“The harvest is past, the summer is ended, and we are not saved!” (Jeremiah 8:20)

A man from another country once lamented, “In our country it is illegal to buy a Bible on Sunday but it’s legal to sell pornographic literature.” He spoke out of concern for a country where only 4 percent go to church and spiritual apathy prevails.

In the United States, statistics say only 40 percent go to church, and pornography is at an arm’s reach with computers in our homes and cell phones in our pockets. Divorce and sex outside of marriage are commonplace. Fifty years ago, the main problems in public schools were chewing gum, running in the halls, and throwing spit wads. Today it’s drugs, alcohol, and sex.

When the prophet Jeremiah mourned for Judah, he issued a powerful warning, “The harvest is past, the summer is ended, and we are not saved” (8:20). Saved in this context refers to the deliverance Judah never experienced as it fell under Babylonian bondage. Judah’s leaders had ignored God’s commands and treated sin lightly. Jeremiah repeated the message he gave earlier (6:12–15) that God would punish the nation. Although God gave ample opportunity for repentance, they continued to rebel.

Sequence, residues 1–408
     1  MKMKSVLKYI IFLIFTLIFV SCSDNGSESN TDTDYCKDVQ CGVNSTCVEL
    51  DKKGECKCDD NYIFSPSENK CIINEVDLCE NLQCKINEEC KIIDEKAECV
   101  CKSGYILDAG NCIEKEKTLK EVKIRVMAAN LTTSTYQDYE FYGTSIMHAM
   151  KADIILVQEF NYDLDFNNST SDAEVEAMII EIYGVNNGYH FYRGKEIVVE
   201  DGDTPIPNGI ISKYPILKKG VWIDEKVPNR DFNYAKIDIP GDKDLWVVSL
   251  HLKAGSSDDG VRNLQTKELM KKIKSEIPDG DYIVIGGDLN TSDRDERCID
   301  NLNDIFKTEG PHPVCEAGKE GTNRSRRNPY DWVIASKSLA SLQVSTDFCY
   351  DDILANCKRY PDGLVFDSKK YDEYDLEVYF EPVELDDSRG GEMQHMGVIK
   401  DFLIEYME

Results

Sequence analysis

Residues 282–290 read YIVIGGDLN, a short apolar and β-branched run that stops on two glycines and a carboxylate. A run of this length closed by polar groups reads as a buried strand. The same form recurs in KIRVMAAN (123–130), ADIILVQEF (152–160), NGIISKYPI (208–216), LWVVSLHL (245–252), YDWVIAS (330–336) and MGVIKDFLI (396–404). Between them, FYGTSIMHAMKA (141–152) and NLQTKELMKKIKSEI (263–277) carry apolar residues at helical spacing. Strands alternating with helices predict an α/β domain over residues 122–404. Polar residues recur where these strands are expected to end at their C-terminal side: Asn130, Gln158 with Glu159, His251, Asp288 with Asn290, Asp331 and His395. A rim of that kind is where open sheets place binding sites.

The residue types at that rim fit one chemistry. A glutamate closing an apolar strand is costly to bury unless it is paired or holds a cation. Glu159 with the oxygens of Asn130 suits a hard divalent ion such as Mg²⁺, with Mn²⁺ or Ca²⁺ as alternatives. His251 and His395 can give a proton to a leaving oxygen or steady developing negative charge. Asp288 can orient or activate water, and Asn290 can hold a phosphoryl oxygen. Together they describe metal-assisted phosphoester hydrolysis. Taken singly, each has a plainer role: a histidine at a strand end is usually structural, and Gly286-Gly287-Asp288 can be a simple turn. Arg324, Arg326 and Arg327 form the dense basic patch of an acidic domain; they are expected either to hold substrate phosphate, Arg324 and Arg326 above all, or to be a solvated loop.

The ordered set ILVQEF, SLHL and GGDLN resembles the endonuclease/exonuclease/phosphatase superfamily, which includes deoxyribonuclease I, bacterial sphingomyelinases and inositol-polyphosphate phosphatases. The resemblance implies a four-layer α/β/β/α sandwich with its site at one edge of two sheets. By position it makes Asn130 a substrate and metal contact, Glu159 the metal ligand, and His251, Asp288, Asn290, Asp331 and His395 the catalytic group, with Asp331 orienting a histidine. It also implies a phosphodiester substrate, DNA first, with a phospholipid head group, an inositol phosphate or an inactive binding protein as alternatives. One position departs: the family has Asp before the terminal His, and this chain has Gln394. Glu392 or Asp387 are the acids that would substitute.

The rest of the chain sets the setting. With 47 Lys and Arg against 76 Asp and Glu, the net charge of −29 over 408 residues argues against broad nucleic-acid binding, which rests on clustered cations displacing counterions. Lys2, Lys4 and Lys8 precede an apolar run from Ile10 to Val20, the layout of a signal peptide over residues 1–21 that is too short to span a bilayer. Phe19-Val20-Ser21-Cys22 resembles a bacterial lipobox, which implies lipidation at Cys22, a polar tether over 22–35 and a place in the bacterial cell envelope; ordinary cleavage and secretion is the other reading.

Who are the Jeremiahs of our day God will use to call individuals to Himself, and how is it best done? The answer is simple. It’s you and me spreading the message of the gospel.

Before there can be reformation, there must be regeneration. We can petition, protest, and become irritated about the culture, but unless we introduce people to the saving grace of Christ through a clear presentation of the gospel, they are without the power to change.

The question each of us must answer is, “Are you distressed enough about your country to evangelize its citizens?”